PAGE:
Wed, May 21, 2014 - Page 3 News List

Greater Kaohsiung residents protest health dangers of South Star project

By Lee I-chia  /  Staff reporter

Siaogang District residents and environmental activists yesterday attend a public hearing in Greater Kaohsiung on the South Star Plan.

Photo: Fang Chih-hsien, Taipei Times

Dozens of residents from Greater Kaohsiung’s Siaogang District (小港) protested yesterday at a public hearing on the South Star Plan (南星計畫) project, saying that ongoing construction has damaged homes in the area and should be halted.

Project developer Taiwan International Ports hosted the event as part of a government order to incorporate public opinion into the project’s plan before going to a second environmental impact assessment (EIA) evaluation.

Hsu Zai-sheng (許再生), a borough warden, said serious road vibration from heavy-duty vehicles traveling to and from the construction site has caused cracks to appear in more than 80 nearby residential buildings and that local residents are suffering from air and noise pollution created by the project.

Construction should be halted and engineers should check the damage to the buildings to assess liability, Hsu said.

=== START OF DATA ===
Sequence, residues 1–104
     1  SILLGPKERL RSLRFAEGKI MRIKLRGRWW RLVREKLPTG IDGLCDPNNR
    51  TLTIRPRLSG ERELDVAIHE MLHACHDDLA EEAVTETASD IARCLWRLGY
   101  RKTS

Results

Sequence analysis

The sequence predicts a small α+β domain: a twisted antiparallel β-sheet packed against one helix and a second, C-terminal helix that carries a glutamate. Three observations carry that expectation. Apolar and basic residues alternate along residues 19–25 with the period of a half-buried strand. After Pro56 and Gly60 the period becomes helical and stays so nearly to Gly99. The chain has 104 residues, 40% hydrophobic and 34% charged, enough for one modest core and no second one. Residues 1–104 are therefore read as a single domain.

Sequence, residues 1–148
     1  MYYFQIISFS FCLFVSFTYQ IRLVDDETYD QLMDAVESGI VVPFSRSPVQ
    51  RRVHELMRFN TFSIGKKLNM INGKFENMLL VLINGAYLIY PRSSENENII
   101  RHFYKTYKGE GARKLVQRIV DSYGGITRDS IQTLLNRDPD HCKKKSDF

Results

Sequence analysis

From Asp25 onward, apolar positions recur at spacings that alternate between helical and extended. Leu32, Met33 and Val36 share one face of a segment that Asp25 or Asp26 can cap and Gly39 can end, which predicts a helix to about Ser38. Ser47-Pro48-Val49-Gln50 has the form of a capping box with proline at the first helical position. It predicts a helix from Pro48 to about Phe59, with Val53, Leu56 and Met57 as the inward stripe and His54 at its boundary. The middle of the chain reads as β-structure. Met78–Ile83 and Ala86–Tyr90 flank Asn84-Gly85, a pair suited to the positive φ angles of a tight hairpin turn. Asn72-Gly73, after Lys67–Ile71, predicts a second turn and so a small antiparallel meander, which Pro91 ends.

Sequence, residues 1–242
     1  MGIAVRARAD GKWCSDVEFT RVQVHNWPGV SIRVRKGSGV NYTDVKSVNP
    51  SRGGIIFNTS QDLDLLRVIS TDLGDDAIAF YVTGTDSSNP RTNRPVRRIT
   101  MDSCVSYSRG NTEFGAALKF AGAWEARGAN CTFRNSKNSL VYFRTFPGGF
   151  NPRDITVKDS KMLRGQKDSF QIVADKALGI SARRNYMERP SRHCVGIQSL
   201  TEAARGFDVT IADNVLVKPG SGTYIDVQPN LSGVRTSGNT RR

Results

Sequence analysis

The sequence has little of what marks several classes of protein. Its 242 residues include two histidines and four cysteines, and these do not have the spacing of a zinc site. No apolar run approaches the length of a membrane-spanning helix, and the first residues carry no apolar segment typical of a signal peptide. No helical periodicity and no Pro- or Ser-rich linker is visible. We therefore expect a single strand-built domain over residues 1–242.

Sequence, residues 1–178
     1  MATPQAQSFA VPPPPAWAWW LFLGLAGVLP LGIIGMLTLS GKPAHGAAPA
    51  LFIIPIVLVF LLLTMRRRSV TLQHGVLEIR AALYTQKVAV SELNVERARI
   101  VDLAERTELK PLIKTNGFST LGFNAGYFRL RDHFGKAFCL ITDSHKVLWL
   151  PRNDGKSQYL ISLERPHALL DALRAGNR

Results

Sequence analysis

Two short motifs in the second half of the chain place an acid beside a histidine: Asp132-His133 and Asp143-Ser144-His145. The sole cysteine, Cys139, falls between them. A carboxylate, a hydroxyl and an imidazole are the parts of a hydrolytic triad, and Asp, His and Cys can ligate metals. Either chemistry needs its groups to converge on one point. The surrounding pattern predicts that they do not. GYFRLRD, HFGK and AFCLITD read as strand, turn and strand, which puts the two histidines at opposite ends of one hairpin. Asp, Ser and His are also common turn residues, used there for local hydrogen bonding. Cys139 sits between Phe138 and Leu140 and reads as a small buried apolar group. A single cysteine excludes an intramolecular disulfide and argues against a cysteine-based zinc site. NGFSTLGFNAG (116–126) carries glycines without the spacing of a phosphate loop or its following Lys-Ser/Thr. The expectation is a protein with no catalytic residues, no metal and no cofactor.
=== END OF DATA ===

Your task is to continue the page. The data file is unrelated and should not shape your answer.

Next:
Taiwan Water Conservation Alliance spokesperson Chen Jiau-hua (陳椒華) said that if the second phase of the development project receives EIA approval, a yacht manufacturing park and other projects are planned for the area, which is already plagued by heavy pollution from a power plant, a petrochemical refinery and an incinerator, among others.

Chen said that a thorough investigation into potential health risks should be conducted before further development continues.

Citizens of the Earth, Taiwan deputy secretary-general Wang Min-ling (王敏玲) said the developer’s EIA report showed that the annual average concentration of PM2.5 (fine particle matter smaller than 2.5 micrometers in size) in the area was 47μg/m3 — which surpasses the nation’s air quality standard of 15μg/m3.

The developer has a duty to be honest about any potential health risks, Wang said.

With three elementary schools — holding a combined number of 930 students — close by, the government should not allow developments that may harm the children, Wang added.

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